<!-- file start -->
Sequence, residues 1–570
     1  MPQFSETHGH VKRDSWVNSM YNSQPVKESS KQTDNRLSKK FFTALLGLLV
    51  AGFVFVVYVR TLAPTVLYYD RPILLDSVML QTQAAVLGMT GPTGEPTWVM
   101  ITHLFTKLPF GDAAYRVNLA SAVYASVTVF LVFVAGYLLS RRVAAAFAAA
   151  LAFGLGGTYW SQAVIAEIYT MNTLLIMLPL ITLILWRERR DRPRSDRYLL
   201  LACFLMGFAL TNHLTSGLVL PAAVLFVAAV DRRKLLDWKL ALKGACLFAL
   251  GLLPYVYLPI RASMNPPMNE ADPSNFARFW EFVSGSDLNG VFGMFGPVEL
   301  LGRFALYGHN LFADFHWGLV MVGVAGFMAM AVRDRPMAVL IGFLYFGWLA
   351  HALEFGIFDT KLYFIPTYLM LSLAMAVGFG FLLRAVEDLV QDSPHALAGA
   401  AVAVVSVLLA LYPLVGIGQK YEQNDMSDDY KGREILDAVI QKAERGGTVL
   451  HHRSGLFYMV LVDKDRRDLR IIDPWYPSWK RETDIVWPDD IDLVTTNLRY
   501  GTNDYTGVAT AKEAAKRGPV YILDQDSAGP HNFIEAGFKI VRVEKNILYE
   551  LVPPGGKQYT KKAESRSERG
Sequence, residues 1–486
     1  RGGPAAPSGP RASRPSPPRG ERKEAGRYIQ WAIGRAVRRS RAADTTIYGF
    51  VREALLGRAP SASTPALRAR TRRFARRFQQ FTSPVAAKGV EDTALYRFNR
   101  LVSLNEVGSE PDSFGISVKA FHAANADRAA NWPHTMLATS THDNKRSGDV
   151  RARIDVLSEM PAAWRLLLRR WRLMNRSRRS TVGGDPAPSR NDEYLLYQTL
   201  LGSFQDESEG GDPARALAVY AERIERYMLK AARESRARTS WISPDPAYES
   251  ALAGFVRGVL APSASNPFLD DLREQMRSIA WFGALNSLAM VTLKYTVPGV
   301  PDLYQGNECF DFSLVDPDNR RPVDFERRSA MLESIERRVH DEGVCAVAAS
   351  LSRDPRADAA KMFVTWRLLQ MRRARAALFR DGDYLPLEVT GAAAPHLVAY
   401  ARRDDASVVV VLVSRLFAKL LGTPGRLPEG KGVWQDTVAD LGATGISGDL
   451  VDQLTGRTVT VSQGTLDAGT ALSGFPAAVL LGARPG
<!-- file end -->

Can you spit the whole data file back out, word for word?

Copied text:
Sequence, residues 1–570
     1  MPQFSETHGH VKRDSWVNSM YNSQPVKESS KQTDNRLSKK FFTALLGLLV
    51  AGFVFVVYVR TLAPTVLYYD RPILLDSVML QTQAAVLGMT GPTGEPTWVM
   101  ITHLFTKLPF GDAAYRVNLA SAVYASVTVF LVFVAGYLLS RRVAAAFAAA
   151  LAFGLGGTYW SQAVIAEIYT MNTLLIMLPL ITLILWRERR DRPRSDRYLL
   201  LACFLMGFAL TNHLTSGLVL PAAVLFVAAV DRRKLLDWKL ALKGACLFAL
   251  GLLPYVYLPI RASMNPPMNE ADPSNFARFW EFVSGSDLNG VFGMFGPVEL
   301  LGRFALYGHN LFADFHWGLV MVGVAGFMAM AVRDRPMAVL IGFLYFGWLA
   351  HALEFGIFDT KLYFIPTYLM LSLAMAVGFG FLLRAVEDLV QDSPHALAGA
   401  AVAVVSVLLA LYPLVGIGQK YEQNDMSDDY KGREILDAVI QKAERGGTVL
   451  HHRSGLFYMV LVDKDRRDLR IIDPWYPSWK RETDIVWPDD IDLVTTNLRY
   501  GTNDYTGVAT AKEAAKRGPV YILDQDSAGP HNFIEAGFKI VRVEKNILYE
   551  LVPPGGKQYT KKAESRSERG
Sequence, residues 1–486
     1  RGGPAAPSGP RASRPSPPRG ERKEAGRYIQ WAIGRAVRRS RAADTTIYGF
    51  VREALLGRAP SASTPALRAR TRRFARRFQQ FTSPVAAKGV EDTALYRFNR
   101  LVSLNEVGSE PDSFGISVKA FHAANADRAA NWPHTMLATS THDNKRSGDV
   151  RARIDVLSEM PAAWRLLLRR WRLMNRSRRS TVGGDPAPSR NDEYLLYQTL
   201  LGSFQDESEG GDPARALAVY AERIERYMLK AARESRARTS WISPDPAYES
   251  ALAGFVRGVL APSASNPFLD DLREQMRSIA WFGALNSLAM VTLKYTVPGV
   301  PDLYQGNECF DFSLVDPDNR RPVDFERRSA MLESIERRVH DEGVCAVAAS
   351  LSRDPRADAA KMFVTWRLLQ MRRARAALFR DGDYLPLEVT GAAAPHLVAY
   401  ARRDDASVVV VLVSRLFAKL LGTPGRLPEG KGVWQDTVAD LGATGISGDL
   451  VDQLTGRTVT VSQGTLDAGT ALSGFPAAVL LGARPG